By Varun Fatehpuria
As we move away from a low-interest rate regime, it’s also time that we recalibrated our expectations on interest earned on our savings bank account. Today, most banks – whether private or PSUs – are offering 3-4 % interest rate despite a significant hike in repo rates by the RBI. Repo rate is the rate at which the RBI lends money to commercial banks. And while banks are quick to pass the rate hikes to the borrowers, the same velocity is not quite seen for the depositors.
If we consider the inflation rate of 6%, we are effectively losing the purchasing power of our money by leaving it in a savings account.
However, nowadays there are better solutions for one’s short-term cash goals than what a savings/current account offers. One can consider investing in a mix of liquid, ultra-short term and arbitrage mutual funds depending on their risk appetite and time horizon. These funds offer the same benefits i.e., liquidity and capital preservation that a bank account offers while delivering significantly higher returns.
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Where do these funds invest?
When you deposit your money in a bank, your money is not sitting idle. The bank pools money from thousands of depositors like you and lends that forward to many different companies and individuals and earns interest on that. Similarly, these funds invest in securities like certificates of deposits (CDs), commercial papers (CPs), etc., issued by the companies and central/state governments. All these instruments are assigned a credit rating – a measure of the riskiness of the debt – and the funds typically only invest in institutions with the highest and best credit ratings.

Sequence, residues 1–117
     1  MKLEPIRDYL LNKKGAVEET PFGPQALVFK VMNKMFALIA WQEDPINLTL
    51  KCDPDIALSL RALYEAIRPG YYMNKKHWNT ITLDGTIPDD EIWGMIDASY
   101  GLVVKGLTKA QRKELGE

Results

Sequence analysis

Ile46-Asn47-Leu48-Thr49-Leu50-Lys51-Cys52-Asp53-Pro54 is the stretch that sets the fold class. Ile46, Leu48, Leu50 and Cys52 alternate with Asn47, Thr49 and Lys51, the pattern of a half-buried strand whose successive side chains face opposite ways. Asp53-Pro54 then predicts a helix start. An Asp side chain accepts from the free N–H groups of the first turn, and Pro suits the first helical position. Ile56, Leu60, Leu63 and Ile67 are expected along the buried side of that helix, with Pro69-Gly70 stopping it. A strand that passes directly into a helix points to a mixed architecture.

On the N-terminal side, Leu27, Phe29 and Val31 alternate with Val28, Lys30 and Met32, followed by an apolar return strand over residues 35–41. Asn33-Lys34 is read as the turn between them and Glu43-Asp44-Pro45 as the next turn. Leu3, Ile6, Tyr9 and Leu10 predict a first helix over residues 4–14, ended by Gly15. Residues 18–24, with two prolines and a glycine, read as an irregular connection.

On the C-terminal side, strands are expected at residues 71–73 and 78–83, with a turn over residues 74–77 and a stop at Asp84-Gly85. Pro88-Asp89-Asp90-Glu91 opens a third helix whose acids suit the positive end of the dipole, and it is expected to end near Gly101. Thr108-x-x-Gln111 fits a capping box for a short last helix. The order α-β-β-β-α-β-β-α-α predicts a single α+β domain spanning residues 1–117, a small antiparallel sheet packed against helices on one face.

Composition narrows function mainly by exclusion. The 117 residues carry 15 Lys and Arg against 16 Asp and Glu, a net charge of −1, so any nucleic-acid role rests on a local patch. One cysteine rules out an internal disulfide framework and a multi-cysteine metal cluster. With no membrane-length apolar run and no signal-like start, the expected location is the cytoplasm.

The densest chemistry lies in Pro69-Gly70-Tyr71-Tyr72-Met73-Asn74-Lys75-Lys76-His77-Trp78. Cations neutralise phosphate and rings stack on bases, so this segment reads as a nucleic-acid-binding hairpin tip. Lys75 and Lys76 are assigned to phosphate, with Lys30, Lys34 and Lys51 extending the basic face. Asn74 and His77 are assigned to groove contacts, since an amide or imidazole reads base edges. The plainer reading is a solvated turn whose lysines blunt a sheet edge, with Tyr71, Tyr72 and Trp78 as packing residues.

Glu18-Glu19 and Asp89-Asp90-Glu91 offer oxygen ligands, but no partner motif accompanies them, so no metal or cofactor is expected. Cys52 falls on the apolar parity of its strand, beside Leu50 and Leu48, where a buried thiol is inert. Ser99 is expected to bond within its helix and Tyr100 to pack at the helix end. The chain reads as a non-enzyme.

Bank deposits up to Rs 5 lakh are insured by the Deposit Insurance and Credit Guarantee Corporation (DICGC). Debt/Arbitrage mutual funds are investment products and thus are not covered by the same. Hence, they inherently carry a certain level of risk. However, the funds are able to successfully mitigate that by investing in first, the highest-quality assets like sovereign bonds, AAA-bonds issued by blue-chip companies with little probability of default; and second, in short-duration bonds (between one and six months) that are less exposed to any interest rate risk.
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This ensures that your money is safe and available to you when you need it.
Your money is of little use if you can’t get it when you require it. And therefore, the redemption requests for these funds are processed within 1-2 working days. With investing in mutual funds now completely online, the amount is transferred directly to your source bank account with a few clicks. You do not need to fill out any paperwork or visit a branch to get your money back.
The main advantage of investing in short-term debt/arbitrage funds is that their returns mirror and follow the movement of the repo rate. A hike in the repo rate is reflected in an increase in the returns of these funds. Currently, they have a yield-to-maturity of 6-7% – depending on the fund – which means that if you stay invested till the maturity (typically 1-3 months) you can expect to get returns close to that.
All the above reasons provide a compelling opportunity for you to look beyond your savings bank account and consider better, more-efficient investment products.
* Short-term debt/ arbitrage funds’ returns mirror and follow the repo rate’s movement
* Redemption requests for these funds are processed within 1-2 working days
* These funds invest in sovereign bonds, AAA-bonds of blue-chip firms & short-duration bonds
The writer is founder & CEO, Daulat